Juan Manuel Santos
Colombia's President Juan Manuel Santos speaks to the media at the Narino Presidential house in Bogota (Reuters)

Colombia's president Juan Manuel Santos has confirmed that his government is seeking peace with Farc, the country's biggest rebel group, after more than five decades of war.

Santos was responding to reports in local media that "exploratory discussions" with the leftist Revolutionary Armed Forces of Columbia, formed by members of the Colombian Communist party, have started during a meeting in communist-led Cuba.

Addressing the nation with a televised speech, Santos said the results of the talks would be public "in the coming days".

He added: "Since the day my government took office, I have respected my constitutional obligation to seek peace, and we have undertaken exploratory talks with Farc to seek an end to the conflict."

The last negotiations date back to 2002 and were halted after authorities accused the rebels of taking advantage of the demilitarisation of parts of the country to rebuild their forces.

Third party interest

The president also said that another leftist rebel group, the National Liberation Army (ELN), is interested in being part of the process.

"We are open [to being involved]," the ELN's leader Nicolas Rodrigues, also known as Gabino, told Reuters. "It's exactly our proposal, to seek room for open dialogue without conditions and start to discuss the nation's biggest problems.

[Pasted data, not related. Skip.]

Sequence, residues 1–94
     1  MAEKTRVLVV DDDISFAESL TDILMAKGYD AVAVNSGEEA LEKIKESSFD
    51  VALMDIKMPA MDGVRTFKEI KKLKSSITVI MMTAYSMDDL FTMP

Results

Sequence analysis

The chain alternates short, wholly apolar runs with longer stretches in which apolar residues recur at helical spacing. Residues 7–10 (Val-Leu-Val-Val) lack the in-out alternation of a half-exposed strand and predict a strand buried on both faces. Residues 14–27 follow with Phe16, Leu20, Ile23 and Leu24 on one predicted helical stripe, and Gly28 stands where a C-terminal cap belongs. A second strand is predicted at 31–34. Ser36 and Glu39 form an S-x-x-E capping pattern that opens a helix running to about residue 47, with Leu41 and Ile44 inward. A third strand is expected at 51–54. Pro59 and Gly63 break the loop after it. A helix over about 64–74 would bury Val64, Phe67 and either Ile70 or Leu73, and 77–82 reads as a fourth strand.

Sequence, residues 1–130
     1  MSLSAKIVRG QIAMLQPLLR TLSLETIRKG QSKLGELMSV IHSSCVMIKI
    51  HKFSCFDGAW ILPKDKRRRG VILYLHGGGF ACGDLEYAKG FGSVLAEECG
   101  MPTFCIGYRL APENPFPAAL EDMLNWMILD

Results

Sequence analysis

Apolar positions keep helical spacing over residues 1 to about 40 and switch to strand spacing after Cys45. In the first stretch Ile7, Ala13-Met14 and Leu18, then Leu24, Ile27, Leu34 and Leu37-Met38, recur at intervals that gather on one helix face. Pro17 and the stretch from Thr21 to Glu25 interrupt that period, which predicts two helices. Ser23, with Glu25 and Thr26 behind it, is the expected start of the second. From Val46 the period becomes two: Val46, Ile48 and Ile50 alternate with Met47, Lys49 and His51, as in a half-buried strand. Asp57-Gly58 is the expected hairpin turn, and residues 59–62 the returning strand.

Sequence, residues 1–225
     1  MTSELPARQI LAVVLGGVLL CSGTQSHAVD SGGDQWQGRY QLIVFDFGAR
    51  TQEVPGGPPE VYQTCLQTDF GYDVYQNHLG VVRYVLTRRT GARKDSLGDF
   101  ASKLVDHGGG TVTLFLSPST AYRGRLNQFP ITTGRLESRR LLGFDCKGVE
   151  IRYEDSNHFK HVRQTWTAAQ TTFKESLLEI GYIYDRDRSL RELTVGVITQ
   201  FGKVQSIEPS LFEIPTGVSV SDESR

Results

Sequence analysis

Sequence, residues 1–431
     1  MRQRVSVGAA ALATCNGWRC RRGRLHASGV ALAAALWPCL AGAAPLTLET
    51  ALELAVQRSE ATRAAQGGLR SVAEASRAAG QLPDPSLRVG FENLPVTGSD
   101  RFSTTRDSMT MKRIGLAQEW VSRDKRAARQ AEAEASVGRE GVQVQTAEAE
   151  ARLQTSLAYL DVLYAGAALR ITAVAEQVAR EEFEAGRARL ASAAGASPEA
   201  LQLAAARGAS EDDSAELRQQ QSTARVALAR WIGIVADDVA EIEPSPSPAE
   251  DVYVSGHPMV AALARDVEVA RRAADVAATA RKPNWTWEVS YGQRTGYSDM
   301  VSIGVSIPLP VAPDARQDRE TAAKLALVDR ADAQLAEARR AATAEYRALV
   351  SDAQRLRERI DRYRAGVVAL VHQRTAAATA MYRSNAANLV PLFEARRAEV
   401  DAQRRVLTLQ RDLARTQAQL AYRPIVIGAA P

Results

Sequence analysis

"If there's dialogue, there'll be accords and new ways of exploiting the riches of the country, but if there's no dialogue and on the contrary they insist on taking the side of capitalist demands, inevitably the fighting will continue."

Colombia spends 2 percent of its GDP, or $16bn, in waging war with rebel forces.

Some experts claim Farc and ELN are funded in large part by illegal activities such as drug-trafficking, gold mining and arms smuggling. Farc is estimated to make around $500m from the illicit trade per year, according to CNN. A 2005 International Crisis Group report claimed around 65 of the group's 110 operational units were involved in the cocaine trade.

Farc, which is considered a terrorist organisation by the EU and the US, has been fighting a guerrilla-style war to overthrow the government since 1964. However the organisation has shrunk considerably in the last ten years, partly as a consequence of a US-backed security campaign, and the death of several top leaders.

Alfonso Cano, head of the group, was killed last November as well as the group's second-in-command Raul Reyes.

However, between 2010 and 2011 attacks from Farc grew by 10 percent according to the Colombian thinktank Nuevo Arco Iris.